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Amusing Nonsense About Gal Gadot And Cleopatra



Apparently Gal Gadot is pulling together a remake of Cleopatra. Or, as it is obviously put, a more modern retelling of the story from a female perspective. Presumably lots of close ups of the grunting faces of Roman generals.

This has caused the usual shouting as how dare an Israeli portray an African. Or an Arab. Or an Egyptian. That there is a substantial portion of the Israeli population with a few thousand years of Middle Eastern genetic inheritance is true but Gadot is of Ashkenazi background so that doesn’t really apply here. People are still being very stupid about this though:

Kalogridis declared herself “incredibly excited to get the chance to tell the story of Cleopatra, my favourite Ptolemaic pharoah and arguably the most famous Macedonian Greek woman in history”. She added: “Never thought I’d have the opportunity to tell a story like this, with women who have inspired me beyond words.”

OK, they’ve got that right. She was indeed Macedonian Greek by genetics even if not by upbringing or at least parts of culture. She most certainly was not – as all too much Ebonic nonsense in the US has it – Black African. The Kushite Pharaohs might well have been and wasn’t there a Nubian lot? But the Ptolemies simply weren’t sub-Saharan in any form at all.

So, basically a Greek and that’s fine. But then we’ve got this idiocy:

But almost immediately, there was a revolt. Why had they not cast an Egyptian woman, some asked. The journalist Sameera Khan held that Cleopatra was Greek and Berber, but lamented that an Arab actress had not been cast. She accused Gadot of cultural imperialism. “Your country steals Arab land & you’re stealing their movie roles,” she wrote. Soon the argument devolved into a debate over the precise ethnicity of Cleopatra, the ruler of ancient Egypt, and whether there was anyone at all who was qualified to play her in a film.

Arabs? What are you talking about? In Cleopatra’s time Arabs were the people bothering camels in, err, Arabia. The irruption across North Africa and the Middle East happened 6 centuries later. It’s simply not true that there was anything at all Arabic about Pharaonic Egypt. It’s not true that there’s all that much Arab about modern Egypt either. That irruption changed the ruling class, sure, the language of government, partially the religion and not all that much else. In terms of genetics it had about as much influence as the Norman invasion of Britain. A replacement of that ruling class, language etc, but not all that much change in the people.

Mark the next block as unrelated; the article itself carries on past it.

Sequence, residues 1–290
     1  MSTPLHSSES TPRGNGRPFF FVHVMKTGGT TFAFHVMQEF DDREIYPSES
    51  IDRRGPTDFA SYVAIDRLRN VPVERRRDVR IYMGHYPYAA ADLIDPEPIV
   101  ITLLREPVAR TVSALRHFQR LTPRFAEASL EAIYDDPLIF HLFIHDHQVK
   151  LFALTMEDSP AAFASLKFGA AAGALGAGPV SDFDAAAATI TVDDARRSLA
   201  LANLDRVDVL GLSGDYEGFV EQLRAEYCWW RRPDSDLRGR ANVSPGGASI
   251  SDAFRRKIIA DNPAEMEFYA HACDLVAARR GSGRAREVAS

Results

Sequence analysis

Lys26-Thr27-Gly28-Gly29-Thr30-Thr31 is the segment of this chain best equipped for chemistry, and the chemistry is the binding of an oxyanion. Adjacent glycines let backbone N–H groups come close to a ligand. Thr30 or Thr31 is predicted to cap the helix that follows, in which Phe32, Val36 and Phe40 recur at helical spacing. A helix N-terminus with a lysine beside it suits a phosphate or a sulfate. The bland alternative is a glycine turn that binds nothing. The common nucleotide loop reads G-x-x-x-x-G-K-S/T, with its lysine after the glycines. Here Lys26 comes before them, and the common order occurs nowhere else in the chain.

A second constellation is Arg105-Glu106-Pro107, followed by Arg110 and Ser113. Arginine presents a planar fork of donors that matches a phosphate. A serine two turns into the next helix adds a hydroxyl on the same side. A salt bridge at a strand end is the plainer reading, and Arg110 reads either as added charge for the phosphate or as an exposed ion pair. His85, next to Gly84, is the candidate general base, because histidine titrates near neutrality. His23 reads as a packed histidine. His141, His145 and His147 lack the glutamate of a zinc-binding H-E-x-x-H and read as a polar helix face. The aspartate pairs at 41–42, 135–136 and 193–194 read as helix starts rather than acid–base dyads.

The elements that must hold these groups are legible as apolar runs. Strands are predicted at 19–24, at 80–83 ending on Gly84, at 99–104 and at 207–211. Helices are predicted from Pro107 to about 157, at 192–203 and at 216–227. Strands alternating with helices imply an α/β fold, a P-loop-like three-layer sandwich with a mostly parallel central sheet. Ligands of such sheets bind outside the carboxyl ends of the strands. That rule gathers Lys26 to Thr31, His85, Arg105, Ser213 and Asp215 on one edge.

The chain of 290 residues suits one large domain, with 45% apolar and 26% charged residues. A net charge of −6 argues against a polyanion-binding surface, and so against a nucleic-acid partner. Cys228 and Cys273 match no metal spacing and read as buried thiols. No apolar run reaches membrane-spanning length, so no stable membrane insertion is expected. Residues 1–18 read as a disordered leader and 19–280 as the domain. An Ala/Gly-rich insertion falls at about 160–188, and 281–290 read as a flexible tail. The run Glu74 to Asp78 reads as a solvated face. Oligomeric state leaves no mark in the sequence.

To argue over who should play Cleo based upon race or birthplace is silly enough because the whole thing is about dress up anyway. But to start talking about Arabs is simple idiocy.



  1. Sounds like Sameera Khan is guilty of cultural imperialism.

    But I have to agree. Acting is about faking it, so to complain that a fake is a fake is just nonsense.

  2. If one of my favourite actors Omar Sharif was alive he’d have a great role in this film. Omar aptly once said, one can’t have democracy in an Arab country because they’re tribal people.

  3. Jews (to the extent they haven’t interbred with locals) are Arabs, though nether side will thank you for pointing this out. Even the languages are close enough to be mutually comprehensible, just different alphabets.

  4. The Israelites spent 400 years in Egypt, it was a favored refuge from the Assyrians, Babylonians, and Romans. You think they didn’t leave a genetic mark there?

  5. genetically Ancient Egyptians were of Mesopotamian origin. As for Jewish genetic legacies, (whatever that actually means in terms of genetics) since the 400 years in Egypt was during the Semitic Hyksos rule it is more likely the genetic inheritance went the other way, where it vanished as both groups were originally from the same area. But the issue is not really about culture, its about claiming victimhood, thus virtue. As for Cleo, I am baffled why a probable psychopathic murderess is of interest, other than hatred of her disturbed the Roman mobs, affecting their fratricides.


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VERB (transitive)
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